PHSI constantly works with payers, pharmacies, and pharmaceutical manufacturers to explain how FUL and NADAC impact each organization.  Do not delay in preparing for these changes.  It will be important to monitor your state(s) to determine if they will be adjusting the SMAC list or changing to NADAC as the basis for reimbursement.

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Drastic Generic Product Cost Increases

PHSI routinely tracks industry trends and changes to provide timely and valuable information to our clients.  One recent, notable change has been unusually large price increases (500% to 3000%) for a variety of multisource generic products. We are accustomed to the daily price changes that exist in the “sea of generics”.  However the recent changes are seismic in nature and are creating “tidal waves”!

Through our research we have identified six factors that seem to be contributing these drastic changes.

  1. Generic industry consolidation – Recent mergers and acquisitions have led to fewer suppliers in the market and higher prices due to less competition.  Examples include Actavis/Watson and Sandoz/Fougera/Falcon.
  2. Supply issues with global market products – Ranbaxy’s regulatory, Lockhart’s import ban, Apotex supply issues are all leaving limited suppliers in the market.   This leads to price increases and increased demand as retailers are spec buying where possible and the remaining suppliers cannot supply the market.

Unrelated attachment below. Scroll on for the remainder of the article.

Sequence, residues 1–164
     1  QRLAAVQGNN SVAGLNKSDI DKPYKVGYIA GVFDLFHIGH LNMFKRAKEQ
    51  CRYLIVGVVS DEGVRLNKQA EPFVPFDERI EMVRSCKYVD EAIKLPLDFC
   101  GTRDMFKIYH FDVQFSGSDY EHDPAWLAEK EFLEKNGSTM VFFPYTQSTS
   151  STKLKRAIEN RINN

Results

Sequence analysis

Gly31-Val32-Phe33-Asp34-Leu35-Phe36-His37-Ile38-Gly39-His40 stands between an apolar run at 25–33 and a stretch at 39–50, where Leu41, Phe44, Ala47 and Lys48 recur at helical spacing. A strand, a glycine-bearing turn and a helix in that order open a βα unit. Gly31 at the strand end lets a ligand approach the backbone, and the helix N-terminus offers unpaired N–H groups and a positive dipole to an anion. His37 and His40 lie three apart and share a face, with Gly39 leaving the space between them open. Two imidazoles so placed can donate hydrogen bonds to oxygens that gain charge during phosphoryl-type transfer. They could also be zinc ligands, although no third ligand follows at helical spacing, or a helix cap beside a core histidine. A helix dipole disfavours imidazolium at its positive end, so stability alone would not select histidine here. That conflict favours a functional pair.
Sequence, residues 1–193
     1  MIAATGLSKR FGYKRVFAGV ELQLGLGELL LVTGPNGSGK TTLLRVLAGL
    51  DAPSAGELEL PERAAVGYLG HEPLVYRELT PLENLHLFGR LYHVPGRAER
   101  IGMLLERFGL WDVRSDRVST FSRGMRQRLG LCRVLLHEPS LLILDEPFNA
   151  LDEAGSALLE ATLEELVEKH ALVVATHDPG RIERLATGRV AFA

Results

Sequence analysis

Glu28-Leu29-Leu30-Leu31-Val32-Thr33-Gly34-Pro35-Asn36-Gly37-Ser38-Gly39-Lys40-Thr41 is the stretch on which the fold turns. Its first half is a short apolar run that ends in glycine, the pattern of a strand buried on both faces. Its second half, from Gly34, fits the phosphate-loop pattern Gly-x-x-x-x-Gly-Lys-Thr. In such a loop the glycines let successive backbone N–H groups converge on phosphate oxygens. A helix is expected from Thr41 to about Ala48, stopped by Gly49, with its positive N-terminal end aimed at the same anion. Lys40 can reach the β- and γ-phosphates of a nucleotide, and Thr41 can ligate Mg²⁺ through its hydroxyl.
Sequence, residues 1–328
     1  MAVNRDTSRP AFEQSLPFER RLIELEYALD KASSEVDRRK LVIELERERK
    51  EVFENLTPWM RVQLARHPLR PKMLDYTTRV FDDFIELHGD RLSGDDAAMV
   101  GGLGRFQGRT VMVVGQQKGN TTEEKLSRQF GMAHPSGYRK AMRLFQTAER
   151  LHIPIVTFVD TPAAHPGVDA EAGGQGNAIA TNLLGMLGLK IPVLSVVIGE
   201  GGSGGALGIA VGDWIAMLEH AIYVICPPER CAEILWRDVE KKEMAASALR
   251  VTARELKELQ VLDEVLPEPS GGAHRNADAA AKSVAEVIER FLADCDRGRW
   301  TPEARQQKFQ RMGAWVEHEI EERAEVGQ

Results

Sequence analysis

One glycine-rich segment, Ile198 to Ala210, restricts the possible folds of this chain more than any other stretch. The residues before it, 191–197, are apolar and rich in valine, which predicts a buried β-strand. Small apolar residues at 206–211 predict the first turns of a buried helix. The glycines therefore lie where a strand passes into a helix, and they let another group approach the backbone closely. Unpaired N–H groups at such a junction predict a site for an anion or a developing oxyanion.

3. Companies reviewing product portfolios – Cost to make product vs. price it can be sold at in the marketplace.  We have seen this for years with injectable generics in the hospital market.  This trend has moved over to oral solid generics leading to manufacturers deciding to cease making a product resulting in less competition and higher prices.
  4. E-Pedigree  – Future 2D Barcoding requirements will increase supplier costs forcing a decision to either increasing the price or exiting the market on some products.
  5. Quasi-Exclusive or Exclusive –  Many suppliers are re-evaluating their position in the market and increasing prices when they identify limited supply situations.
  6. Difficult to make products – Products such as creams, ointments, patches, ophthalmic products have higher barriers of entry for generic suppliers.  This impacts price competition and leads to higher prices across the board for these dosage forms.

The impact of these drastic generic cost increases affects all stakeholders.  Pharmacies are seeking product at the “old, lower costs” and buying up all they can when they learn about these drastic price increases. This impacts the supply chain and creates shortages in the distribution channel.   Payers are facing increasing complaints about generic reimbursement rates that are now below cost for these products.  Payers are challenged with when to increase their reimbursement when some pharmacies have guarantees on product pricing or have ordered in additional product in advance of the price increase while other pharmacies are buying at the much higher prices.  Patients with deductibles and percentage co-insurance are being impacted with higher out-of-pocket copay costs.

PHSI will continue to monitor this key area and we welcome your input and insight on generic product cost increases, reasons behind this, and the challenges it creates for your organization.  Please send your comments to